[Created by Me]
Over the course of this year in our English class, I’ve grown as an writer through our class’s explorations of various texts, like the Catcher in the Rye or Grapes of Wrath. Specifically, I’ve changed to be more of a critical reader who is more questioning of authors and their various choices in their writing styles rather than just reading and accepting their words.
Of the various activities that we did during class, I’ve come to find that the ones that had helped me grow the most as a reader and a writer was reading works, doing our own analysis of the author’s writing style for said work, and then comparing with one another and giving each other criticism and encouragement. Before this class, I never really paid attention to how a reader wrote their words but rather their intentions and what they were generally trying to say to the readers. I’ve learned through this class that how the reader conveys their ideas to reader is as important as their ideas themselves. As a result, I find myself paying more attention to the word choice and ordering more than I would have previously.
I believe that I have demonstrated how I’ve come to understand the importance of style of writing through my descriptive essay, which I had modeled very closely to the essay about rice that we were assigned to read and base our essays on. I had read through the assigned essay many times and noted how the author used words and observed that overall structure of the various parts of the essay before starting on my own essay and trying to emulate the author’s writing style yet developing my own style at the same time. My biggest struggle was actually with deciding for the topic of the essay to describe rather than organizing my essay or figuring out how to describe my topic because I already had a solid understanding of how to write a descriptive essay by the time I had started writing.
Another activity that we did during that class that had greatly helped me in my growth as a writer was “Zero-Drafting,” which had forced us to write essays with minimal to no planning at all. This was really hard on me at first since I’ve always had a habit of planning out entire essays before starting on them and then going back and continually revising them until I find my works sufficiently perfect. I’ve learned through writing many zero-drafts how to quickly organize my ideas into cohesive essays and how to stop worrying about constantly perfecting my essays but to simply do as best as I can.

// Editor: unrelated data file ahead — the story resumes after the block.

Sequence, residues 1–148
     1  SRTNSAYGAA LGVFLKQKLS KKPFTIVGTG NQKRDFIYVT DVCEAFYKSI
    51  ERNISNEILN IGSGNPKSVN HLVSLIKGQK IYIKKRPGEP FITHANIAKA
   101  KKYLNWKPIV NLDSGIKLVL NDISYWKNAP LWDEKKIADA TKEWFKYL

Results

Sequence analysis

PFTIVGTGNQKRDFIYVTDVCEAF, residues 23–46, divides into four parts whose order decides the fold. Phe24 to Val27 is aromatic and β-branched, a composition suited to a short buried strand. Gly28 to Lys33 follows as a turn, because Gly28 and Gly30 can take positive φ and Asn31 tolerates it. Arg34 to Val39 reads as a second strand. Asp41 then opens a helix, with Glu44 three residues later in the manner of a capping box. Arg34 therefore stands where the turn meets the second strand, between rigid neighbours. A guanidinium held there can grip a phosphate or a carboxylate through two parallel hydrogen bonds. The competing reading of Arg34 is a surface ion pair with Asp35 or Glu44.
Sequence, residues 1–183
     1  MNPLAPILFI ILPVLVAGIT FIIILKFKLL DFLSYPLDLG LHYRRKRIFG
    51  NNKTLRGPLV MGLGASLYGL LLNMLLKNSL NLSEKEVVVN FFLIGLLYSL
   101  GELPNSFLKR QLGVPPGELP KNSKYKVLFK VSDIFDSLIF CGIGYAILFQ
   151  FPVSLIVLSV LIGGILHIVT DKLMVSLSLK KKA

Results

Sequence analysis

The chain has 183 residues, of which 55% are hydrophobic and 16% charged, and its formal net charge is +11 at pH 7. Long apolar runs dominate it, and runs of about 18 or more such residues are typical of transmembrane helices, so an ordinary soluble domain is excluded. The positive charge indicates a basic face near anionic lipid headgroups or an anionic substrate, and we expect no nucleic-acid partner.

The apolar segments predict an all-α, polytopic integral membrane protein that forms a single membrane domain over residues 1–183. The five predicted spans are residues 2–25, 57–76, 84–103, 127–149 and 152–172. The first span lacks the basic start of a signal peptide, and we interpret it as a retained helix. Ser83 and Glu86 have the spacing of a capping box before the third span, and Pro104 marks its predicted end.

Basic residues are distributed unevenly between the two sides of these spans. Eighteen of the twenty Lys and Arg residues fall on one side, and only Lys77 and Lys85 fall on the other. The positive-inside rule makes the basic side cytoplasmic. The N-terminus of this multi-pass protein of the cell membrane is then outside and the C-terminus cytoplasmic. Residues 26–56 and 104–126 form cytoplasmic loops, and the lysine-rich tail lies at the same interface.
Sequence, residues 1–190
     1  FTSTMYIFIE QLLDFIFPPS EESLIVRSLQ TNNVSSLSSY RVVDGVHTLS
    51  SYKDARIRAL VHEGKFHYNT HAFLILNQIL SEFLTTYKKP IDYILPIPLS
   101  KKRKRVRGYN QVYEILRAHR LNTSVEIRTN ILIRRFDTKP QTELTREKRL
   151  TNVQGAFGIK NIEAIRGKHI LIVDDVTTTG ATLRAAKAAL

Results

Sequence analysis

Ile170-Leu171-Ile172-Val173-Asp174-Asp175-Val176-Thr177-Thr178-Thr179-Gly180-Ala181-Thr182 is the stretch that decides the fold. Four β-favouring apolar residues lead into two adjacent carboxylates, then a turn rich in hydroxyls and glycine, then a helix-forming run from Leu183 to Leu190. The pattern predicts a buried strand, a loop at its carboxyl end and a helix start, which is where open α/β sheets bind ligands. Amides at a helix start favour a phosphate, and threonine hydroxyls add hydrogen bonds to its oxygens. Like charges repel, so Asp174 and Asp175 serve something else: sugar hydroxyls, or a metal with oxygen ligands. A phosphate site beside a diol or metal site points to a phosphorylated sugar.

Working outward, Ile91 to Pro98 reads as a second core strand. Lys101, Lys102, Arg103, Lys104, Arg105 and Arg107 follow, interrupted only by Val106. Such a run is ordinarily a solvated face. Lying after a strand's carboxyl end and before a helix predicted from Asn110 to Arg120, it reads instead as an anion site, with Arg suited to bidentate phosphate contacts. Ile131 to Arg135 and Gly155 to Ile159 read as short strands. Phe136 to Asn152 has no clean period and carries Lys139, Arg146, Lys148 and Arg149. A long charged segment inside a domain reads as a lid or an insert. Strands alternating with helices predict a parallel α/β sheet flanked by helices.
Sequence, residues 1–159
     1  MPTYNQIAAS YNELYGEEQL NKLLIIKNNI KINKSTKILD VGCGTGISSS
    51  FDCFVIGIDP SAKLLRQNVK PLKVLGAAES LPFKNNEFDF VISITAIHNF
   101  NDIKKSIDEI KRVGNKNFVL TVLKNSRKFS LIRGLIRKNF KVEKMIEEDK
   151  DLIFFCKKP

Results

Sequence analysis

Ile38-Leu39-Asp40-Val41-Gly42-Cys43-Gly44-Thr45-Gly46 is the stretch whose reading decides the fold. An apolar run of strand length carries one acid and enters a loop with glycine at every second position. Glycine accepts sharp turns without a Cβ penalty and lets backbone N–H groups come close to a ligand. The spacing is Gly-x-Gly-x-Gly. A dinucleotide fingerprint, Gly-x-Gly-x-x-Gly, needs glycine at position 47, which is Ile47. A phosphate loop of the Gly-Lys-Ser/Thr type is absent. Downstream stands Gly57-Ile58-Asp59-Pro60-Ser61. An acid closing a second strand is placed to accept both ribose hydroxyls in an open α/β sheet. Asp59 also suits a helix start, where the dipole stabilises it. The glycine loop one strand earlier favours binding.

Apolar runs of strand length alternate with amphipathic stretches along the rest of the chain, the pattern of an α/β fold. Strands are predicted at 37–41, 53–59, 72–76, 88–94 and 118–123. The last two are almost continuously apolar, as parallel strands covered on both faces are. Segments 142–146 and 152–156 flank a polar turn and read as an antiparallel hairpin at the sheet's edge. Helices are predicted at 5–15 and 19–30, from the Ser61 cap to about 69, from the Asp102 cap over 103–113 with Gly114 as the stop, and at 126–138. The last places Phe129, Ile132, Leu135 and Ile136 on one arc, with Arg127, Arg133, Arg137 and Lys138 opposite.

The best example of how zero-drafting had helped me during the year would definitely have to be my argumentative essay for the changing of school starting times. Despite it being one of the first essays we did during this class, we also spent much time on this essays with multiple zero drafts and revisions. My first zero draft for this essay was very disorganized and had ideas all over the place with no support for any of my claims. However, the last zero draft that I had written for this essay had a proper introduction, claim for each paragraph, and even support with evidence for each claim. My final essay that I had submitted was very similar to my final zero draft, though the final product was much more refined due to going through various revisions.
Starting from the end of this class and continuing on into the future, I think I can demonstrate my learning in this class by continuing to read and analyze more novels and continue to write more essays analyzing said novels from now on. I will also continue to practice organizing my ideas by continuing to write zero drafts for various prompts and will also read and share essays to receive feedback to further improve my skills as a reader and a writer.
One of my questions for Catcher in the Rye was: What other means of connecting are there besides words?
My answer for that question after finishing the book is: Action and observation can also connect us to other people. This is demonstrated in the novel when Holden notices the nuns’ suitcases and then offers to “give them ten bucks as a contribution” (page 110). By simply seeing that the nuns had suitcases that weren’t as nice as his own, Holden feels bad for them and wants to help them out, and he does by offering them ten bucks. What is happening to Holden is that a one-way connection from him to the nuns is being formed, and he makes a reciprocal connection by approaching the nuns and talking with them, developing an almost friendship-like relation with the nuns. Another example of this in Catcher in the Rye is when Mr. Antolini and Holden have a conversation about the latter’s future, and Holden becomes sleeping causing Mr. Antolini to suggest that Holden goes to bed. When Holden wakes up, he find Mr. Antolini patting his head and instantly assumes that the Mr. Antolini is a pervert (page 192). I believe what is actually happening is that Mr. Antolini is worried for Holden and is trying to convey to Holden that he cares about him and had no perverted intentions.